“If the NIL and portal stuff really worked [in 2021]” said the GM, “Texas would offer Carter $10 million to move his sophomore year if he is still stuck in a rotation at Georgia.”

The initial tests for this group will be more demanding than the SEC’s, but lukewarm by NFL standards. In the first six weeks. the Eagles face a Patriots team lacking quality players; the Vikings without Dalvin Cook; Baker Mayfield’s latest redemptive start in Tampa; Sam Howell and Company; a Rams team lacking an offensive line; and whatever Aaron Rodgers has left as the low-scoring Jets run the gauntlet to start the season. By then, the Bulldog Bunch could be taking over the games, and the Eagles may be in danger of being the NFL’s last undefeated team two years in a row.

“The fascinating thing for us is that we know that every player has a certain learning curve and has to adapt to that level,” the Eagles employee said. “But they’ve been through this together from high school through college. And the more comfortable you are in your surroundings and the better you know the people around you, the more likely you are to adapt and find your way. They are not as concerned about what they are doing and how they are adapting. You already have a social network here. We think this should really help them.”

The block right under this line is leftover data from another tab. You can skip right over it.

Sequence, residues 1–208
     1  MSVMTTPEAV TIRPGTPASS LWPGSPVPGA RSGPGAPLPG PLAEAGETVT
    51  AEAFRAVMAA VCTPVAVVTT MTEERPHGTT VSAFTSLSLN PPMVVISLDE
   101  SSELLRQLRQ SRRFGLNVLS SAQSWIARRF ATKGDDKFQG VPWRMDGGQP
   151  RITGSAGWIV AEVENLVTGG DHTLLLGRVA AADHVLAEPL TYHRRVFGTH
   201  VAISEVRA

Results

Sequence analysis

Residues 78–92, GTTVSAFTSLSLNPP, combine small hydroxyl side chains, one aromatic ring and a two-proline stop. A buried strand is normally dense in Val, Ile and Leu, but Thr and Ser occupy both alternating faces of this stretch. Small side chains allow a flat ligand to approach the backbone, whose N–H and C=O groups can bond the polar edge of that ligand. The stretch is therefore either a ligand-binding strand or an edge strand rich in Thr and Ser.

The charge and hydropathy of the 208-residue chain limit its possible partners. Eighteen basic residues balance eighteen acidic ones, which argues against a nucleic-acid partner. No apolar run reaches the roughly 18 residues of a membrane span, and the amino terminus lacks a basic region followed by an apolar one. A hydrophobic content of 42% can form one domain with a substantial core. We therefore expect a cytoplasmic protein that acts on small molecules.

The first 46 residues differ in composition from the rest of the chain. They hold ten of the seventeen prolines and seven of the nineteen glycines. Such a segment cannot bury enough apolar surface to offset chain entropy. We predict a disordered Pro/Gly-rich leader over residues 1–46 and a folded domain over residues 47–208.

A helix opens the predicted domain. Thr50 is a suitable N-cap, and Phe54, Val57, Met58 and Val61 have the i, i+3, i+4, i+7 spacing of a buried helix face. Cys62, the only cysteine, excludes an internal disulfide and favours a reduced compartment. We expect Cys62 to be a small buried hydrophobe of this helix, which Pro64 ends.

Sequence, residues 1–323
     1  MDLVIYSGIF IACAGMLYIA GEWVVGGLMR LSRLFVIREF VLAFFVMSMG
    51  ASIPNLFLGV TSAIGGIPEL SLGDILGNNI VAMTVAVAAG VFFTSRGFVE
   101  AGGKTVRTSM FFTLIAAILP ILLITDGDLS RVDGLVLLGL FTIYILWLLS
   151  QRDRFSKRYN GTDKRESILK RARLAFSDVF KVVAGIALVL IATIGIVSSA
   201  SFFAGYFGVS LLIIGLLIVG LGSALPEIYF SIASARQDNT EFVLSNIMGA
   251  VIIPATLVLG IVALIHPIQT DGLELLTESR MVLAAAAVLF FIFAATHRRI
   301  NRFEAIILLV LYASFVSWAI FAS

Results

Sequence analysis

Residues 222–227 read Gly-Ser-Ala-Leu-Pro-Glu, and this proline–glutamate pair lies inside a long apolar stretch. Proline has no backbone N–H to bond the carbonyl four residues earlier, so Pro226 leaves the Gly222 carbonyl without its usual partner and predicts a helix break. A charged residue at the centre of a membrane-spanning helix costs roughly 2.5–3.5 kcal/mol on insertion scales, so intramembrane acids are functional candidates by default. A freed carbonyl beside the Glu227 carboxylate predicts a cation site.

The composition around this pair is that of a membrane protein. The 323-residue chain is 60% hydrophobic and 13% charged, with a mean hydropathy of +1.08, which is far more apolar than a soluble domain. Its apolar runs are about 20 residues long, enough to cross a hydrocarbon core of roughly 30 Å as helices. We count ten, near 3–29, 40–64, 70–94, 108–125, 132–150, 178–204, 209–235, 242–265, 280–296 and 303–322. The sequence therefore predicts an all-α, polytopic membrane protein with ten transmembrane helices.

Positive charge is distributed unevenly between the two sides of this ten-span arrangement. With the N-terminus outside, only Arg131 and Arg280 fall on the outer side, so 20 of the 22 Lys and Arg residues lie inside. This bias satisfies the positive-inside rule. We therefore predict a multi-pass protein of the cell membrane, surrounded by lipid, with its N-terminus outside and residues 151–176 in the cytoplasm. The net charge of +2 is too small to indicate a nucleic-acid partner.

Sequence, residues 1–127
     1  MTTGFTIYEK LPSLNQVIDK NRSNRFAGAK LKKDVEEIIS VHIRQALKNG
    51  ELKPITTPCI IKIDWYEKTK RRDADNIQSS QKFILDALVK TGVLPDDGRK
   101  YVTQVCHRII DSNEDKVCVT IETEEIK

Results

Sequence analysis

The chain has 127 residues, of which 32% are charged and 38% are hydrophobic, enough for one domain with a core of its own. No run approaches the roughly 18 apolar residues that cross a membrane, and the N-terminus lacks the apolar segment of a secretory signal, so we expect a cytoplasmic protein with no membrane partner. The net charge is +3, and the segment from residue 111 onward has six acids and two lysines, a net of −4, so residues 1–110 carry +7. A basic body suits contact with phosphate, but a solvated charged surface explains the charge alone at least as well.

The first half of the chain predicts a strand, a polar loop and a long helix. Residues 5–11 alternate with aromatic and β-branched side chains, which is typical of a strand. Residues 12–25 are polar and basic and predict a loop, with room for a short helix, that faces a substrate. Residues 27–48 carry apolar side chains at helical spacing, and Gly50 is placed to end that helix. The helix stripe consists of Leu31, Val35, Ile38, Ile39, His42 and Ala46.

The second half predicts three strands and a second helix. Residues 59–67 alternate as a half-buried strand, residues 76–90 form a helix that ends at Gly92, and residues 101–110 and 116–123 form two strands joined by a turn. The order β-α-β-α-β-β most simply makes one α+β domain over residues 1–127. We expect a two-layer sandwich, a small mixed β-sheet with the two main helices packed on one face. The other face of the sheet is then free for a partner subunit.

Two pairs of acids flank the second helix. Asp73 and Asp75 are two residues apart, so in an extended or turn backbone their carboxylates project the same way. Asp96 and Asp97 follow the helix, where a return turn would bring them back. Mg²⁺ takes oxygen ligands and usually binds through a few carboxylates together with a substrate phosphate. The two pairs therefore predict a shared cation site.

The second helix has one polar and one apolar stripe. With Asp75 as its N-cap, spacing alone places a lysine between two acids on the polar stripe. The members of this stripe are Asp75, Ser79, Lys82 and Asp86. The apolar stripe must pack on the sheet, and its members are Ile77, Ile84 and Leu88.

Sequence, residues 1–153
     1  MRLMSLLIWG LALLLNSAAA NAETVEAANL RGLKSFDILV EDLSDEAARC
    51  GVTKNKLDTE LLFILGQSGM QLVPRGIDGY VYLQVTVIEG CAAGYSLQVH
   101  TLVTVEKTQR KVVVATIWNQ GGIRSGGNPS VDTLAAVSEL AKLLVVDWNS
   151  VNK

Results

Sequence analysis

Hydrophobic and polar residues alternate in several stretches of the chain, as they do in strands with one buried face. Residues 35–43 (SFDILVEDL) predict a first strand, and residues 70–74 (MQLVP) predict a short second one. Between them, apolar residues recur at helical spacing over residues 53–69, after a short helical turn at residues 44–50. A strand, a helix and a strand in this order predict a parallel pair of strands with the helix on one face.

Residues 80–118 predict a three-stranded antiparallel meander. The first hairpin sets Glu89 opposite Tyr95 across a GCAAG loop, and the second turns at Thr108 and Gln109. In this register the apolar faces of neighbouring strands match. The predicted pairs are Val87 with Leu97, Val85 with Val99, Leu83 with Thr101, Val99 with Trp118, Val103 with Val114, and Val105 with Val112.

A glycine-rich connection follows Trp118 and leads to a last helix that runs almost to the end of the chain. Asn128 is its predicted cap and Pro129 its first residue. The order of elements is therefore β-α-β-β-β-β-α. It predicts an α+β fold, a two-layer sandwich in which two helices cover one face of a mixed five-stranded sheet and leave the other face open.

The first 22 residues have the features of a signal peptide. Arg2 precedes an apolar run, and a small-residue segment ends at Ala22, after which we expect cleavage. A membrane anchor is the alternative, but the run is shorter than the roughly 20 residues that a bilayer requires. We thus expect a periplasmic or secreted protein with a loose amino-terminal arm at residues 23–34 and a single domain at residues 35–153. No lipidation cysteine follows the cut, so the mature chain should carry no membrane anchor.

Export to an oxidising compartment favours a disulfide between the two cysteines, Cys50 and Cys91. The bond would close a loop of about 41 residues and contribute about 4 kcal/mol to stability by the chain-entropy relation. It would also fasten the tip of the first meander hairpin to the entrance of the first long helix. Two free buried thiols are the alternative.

Good luck to opposing quarterbacks if that’s the case.

https://www.washingtonpost.com/sports/2023/09/09/eagles-defense-jalen-carter-georgia/?utm_source=rss&utm_medium=referral&utm_campaign=wp_homepage Jalen Carter and former Georgia teammates are transforming the Eagles

Ian Walker